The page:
Thirdly and most importantly, once the above has been done, it is time to get the Fed out of the monopoly business. A monopoly is something which by definition is not competitive. It is given an unfair advantage in society because it is freed from healthy competition. Competition is what creates innovation and progress, and, well, value, in society. People demand things in the market which give value to their lives. If something has a monopoly (in this case the Fed's monopoly over the money supply) it is society (people) writ-large who lose out while the monopolist gains unfairly at society's expense.

By the Fed having monopoly control over money they are removed from competitive pressures to keep the value of their asset. Demanders have no choice but to use the monopolist's product whether it wants to or not. This Fed central bank monopoly thusly has created a dollar which is slowly and steadily becoming worth less and less as more and more dollars are being printed to cover a larger and larger bailout and larger and larger budget deficit and therefore larger and larger debt. There is no market, competitive constraint, against devaluation of the dollar and an ever-increasing government debt.

Of course international macroeconomics ensures that the dollar will devalue over-time as other countries who manage their deficits and money supply better than the USA will see the value of their currency rise against the dollar. But this competition is just an illusion because other central banks (and remember all countries the USA trades with have central banks) too also have monopolies.

The USA was formed as the first constitutional democracy, and was envisioned to be the shining light on the hill of an enlightened political body, or if you will an enlightened form of collectivism, one which puts the people ahead of its leaders, which prioritizes the rule of law over the rule of man. With today's anti-competitive monetary policy we have lost this way, this enlightened political economy. The Fed (and now the Treasury and other politicians and government technocrats) have way too much discretionary power, way too much rule of man and not enough rule of law.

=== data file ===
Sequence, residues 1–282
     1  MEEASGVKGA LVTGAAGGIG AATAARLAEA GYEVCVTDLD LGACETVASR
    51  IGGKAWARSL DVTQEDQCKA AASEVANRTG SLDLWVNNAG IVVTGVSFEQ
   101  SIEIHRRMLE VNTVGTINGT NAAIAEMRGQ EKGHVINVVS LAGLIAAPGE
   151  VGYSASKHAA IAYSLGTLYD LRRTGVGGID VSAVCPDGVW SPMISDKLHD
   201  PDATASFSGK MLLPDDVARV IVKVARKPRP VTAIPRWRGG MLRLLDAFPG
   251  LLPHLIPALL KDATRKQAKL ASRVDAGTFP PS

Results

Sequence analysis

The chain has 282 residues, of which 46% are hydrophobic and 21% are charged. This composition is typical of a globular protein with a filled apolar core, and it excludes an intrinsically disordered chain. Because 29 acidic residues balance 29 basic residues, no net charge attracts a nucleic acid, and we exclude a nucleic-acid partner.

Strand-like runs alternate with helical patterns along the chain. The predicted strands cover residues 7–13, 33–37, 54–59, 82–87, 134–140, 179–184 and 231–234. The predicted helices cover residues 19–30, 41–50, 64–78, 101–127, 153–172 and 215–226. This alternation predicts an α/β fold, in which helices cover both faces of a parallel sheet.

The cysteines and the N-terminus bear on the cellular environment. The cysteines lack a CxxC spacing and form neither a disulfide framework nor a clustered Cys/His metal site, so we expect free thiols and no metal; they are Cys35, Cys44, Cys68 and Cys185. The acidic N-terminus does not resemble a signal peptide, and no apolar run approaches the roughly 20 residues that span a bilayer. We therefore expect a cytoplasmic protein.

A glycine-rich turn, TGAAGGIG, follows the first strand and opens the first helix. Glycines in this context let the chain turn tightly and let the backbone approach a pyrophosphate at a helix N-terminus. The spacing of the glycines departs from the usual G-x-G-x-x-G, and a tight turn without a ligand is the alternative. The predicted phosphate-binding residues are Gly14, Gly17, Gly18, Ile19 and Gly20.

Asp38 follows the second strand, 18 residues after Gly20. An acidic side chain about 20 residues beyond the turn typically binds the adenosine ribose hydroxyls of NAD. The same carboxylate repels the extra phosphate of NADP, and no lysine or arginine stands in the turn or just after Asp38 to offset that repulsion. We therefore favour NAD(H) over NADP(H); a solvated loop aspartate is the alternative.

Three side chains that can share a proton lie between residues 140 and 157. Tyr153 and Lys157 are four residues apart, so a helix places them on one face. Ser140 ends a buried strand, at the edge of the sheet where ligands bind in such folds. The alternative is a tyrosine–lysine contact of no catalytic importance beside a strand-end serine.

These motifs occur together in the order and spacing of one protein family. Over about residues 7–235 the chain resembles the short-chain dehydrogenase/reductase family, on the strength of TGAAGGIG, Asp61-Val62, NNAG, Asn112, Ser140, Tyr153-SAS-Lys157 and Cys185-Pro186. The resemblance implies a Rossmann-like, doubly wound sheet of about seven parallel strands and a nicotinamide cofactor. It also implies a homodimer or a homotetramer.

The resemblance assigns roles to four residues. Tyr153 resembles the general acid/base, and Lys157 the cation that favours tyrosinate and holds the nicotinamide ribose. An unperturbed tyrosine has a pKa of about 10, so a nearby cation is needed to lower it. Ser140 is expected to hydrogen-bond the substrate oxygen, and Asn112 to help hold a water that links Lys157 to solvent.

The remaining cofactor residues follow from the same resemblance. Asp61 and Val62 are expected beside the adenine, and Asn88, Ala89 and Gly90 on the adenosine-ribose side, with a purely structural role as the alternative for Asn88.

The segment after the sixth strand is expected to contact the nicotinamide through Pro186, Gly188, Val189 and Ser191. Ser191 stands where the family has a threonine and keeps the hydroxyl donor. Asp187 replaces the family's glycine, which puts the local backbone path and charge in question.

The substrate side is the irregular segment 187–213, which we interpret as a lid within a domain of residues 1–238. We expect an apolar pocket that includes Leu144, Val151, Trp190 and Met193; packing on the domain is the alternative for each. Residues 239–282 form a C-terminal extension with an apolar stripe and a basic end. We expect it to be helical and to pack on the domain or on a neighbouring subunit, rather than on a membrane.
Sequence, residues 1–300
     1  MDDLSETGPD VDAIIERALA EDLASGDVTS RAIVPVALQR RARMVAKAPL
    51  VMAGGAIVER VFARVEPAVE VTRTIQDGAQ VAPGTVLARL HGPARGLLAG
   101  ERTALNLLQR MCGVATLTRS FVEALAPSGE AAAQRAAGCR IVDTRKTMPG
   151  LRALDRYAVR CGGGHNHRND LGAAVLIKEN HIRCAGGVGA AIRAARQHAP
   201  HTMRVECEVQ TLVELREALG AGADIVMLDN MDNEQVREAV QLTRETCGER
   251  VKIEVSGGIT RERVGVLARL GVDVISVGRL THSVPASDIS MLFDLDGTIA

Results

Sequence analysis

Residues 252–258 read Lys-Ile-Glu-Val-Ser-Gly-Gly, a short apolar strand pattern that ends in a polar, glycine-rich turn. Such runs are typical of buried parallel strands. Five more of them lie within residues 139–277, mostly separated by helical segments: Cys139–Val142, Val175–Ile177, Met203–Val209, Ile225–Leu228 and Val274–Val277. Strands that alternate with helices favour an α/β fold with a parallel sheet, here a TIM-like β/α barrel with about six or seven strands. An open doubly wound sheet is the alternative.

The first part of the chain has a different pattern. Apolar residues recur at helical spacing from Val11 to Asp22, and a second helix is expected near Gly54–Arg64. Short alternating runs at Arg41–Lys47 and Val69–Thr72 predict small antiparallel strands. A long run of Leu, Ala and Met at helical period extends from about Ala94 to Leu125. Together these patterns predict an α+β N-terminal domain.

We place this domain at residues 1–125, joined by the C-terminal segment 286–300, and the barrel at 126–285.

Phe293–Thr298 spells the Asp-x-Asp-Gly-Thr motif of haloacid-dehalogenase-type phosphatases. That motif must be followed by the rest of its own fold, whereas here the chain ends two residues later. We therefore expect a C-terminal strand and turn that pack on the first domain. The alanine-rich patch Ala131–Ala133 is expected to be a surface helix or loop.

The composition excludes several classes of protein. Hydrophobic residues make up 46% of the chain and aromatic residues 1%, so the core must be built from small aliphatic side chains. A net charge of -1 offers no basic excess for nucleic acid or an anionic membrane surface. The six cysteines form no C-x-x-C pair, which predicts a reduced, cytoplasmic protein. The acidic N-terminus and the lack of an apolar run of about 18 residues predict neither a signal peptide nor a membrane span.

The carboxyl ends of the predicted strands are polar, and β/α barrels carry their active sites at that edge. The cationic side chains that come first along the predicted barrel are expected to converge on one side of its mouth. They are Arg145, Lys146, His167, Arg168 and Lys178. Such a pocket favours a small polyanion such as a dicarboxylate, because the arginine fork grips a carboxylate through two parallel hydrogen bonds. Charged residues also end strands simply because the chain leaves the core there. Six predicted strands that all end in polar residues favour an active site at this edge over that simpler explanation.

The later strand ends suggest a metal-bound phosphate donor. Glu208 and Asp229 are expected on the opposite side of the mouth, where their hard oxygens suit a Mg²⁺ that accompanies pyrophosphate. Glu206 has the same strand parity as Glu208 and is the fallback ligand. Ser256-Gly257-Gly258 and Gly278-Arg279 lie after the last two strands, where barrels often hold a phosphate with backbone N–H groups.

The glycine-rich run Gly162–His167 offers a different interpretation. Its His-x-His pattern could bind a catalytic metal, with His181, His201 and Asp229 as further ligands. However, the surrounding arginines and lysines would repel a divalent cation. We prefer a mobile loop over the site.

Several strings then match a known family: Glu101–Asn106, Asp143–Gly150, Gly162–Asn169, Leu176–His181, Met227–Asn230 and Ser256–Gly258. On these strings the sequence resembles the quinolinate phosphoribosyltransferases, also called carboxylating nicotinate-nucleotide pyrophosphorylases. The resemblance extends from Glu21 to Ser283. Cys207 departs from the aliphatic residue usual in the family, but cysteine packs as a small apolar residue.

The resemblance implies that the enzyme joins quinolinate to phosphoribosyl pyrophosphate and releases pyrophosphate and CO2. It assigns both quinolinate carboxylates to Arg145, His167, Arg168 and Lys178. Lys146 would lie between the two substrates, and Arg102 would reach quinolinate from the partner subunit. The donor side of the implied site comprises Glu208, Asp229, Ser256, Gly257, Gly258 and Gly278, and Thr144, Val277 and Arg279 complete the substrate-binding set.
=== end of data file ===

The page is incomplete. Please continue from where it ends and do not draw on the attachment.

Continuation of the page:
So then the final step in the needed reform to a more just, fair and sustainable political economy is to, as Nobel Prize winning economist Frederich Hayek said, "denationalize" the money. The idea is to allow competition against the dollar domestically. By allowing competition against the dollar domestically (currently illegal) the Fed and our political leaders will lose their blank check underwritten by the taxpayers (the people living in the USA and their children both born and as-of-yet born).

The way to denationalize the money is to decriminalize competition against the dollar. Right now anyone that issues currency with an intent to have that money circulate as a means of facilitating trade of one good for another (in economic jargon, as a "means of exchange") is prosecuted as a counterfitter. This is what reinforces the Fed's monopoly power and the continual (despite occassional countervaling appreciations) debasement of the dollar.

Allowing competition will not be an untoward "shock" to the economy with unforseen downside risks. It took many many years for the Fed to build up its monopoly and it will take many many years for a viable competitive domestic currency market to develop. The alternative is more of the same descretionary redistribution upward through bailouts and 'shotgun' mergers which erode shareholder and bondholder value based on unilateral, and some say totalitarian, government decisions. Most importantly mere tinkering around the edges and not adressing the monopoly problem will just bring an expected future of a continual erosion of the almost limitless good that the American entrepreneur can bring, and has brought over history, to the world.